From the usefulness of polymer and cement mentioned above, the polymer can improve the flexibility, durability, and water proofing of soil cement. The tensile and adhesive properties of the soil cement have been improved due to the reduction of cracking damage. Therefore, the concurrent use of liquid polymer and Portland cement as a reinforced material in crushed rock pavement base was proposed in the study. The strength of polymer-treated crushed rock (treated crushed rock) and ordinary crushed rock (untreated crushed rock) were characterized and compared. The California bearing ratios of untreated and treated crushed rock were determined under unsoaked and soaked conditions in order to simulate the post-flood pavement damage. Furthermore, the unconfined compressive strength under unsoaked condition was evaluated and reported under variable curing durations from 2h to 28 days.

 

2.          Experimental Setup and Methodology

2.1     Atterberg’s limits soil classification of untreated crushed rock

The liquid limit, plastic limit, and plasticity index of untreated crushed rock were characterized using Atterberg’s limits test in accordance with ASTM  D4318. In this research, the liquid limit (LL) is the water content that transforms untreated crushed rock from liquid state to plastic state, and the plastic limit (PL) from plastic state to semisolid state. The plasticity index (PI) is the difference between LL and PL of untreated crushed rock.

In LL analysis, 15 g of untreated crushed rock was first mixed with tap water and deposited in the cup of Casagrande liquid limit device and the surface smoothened. In this research, the initial moisture content was 17.46%. In the analysis, the cup was dropped 10 mm on the hard rubber base at a rate of 2 blows/second and terminated when the groove closes a distance of 12.7 mm and the number of blows recorded. A small sample of untreated crushed rock was taken, and the water content determined.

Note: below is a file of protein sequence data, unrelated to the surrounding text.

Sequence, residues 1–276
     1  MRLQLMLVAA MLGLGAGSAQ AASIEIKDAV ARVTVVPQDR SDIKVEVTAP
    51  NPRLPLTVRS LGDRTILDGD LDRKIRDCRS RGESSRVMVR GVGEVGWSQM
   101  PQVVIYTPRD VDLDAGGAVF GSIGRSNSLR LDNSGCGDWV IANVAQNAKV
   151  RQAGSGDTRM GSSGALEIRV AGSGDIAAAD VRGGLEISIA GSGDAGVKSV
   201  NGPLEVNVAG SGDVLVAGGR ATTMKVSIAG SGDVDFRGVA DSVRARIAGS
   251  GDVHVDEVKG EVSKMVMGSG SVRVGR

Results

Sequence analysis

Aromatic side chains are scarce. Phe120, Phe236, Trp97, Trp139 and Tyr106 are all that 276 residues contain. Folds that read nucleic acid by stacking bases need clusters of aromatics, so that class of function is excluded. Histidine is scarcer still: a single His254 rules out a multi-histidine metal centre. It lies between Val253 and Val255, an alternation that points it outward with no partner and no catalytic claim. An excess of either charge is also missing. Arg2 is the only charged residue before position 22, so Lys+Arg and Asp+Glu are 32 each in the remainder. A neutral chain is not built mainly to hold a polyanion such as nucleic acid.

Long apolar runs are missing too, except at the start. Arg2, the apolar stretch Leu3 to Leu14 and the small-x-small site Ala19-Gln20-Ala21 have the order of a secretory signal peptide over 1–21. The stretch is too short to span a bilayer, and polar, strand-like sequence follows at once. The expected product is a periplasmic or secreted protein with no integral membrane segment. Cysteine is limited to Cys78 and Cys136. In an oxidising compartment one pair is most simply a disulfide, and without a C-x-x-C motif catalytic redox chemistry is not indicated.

At the 17.46% moisture content, the number of blows at the groove closed a distance of 12.7 mm was 42. According to ASTM D4318, the LL of a material is the water content corresponding to 25 blows. Thus, the moisture content was further increased and varied between 17.85%, 18.14%, 18.73%, and 19.23%, with the corresponding number of blows of 32, 26, 18, and 13 blows, respectively. The LL of untreated crushed rock corresponding to 25 blows was 18.22%.

In PL analysis, 15 g of moist untreated crushed rock was manually rolled into cylindrical shape of 3 mm in diameter and continued until cracks developed. The roll was oven-dried and PL determined. The experiments were carried out in triplicate. The average PL  of untreated crushed rock was 13.72%. The PI (from LL-PL) of untreated crushed rock was 4.50%.

2.2     Sieveanalysis

Sieve analysis was carried out to determine the distribution of particle sizes of untreated crushed rock in accordance with ASTM D-421. In the analysis, 2000 g of untreated crushed rock was shaken by a series of sieves (from top to bottom): 2" (50.00 mm) (sieve identification (opening size)),  1" (25.00 mm), 3/8" (9.50 mm), #4  (4.75 mm),  #10  (2.00 mm),  #40 (0.425 mm), and #200 (0.075 mm). After sieving, the weight of particles retained on each sieve in relation to total sample weight was determined and expressed in percentage.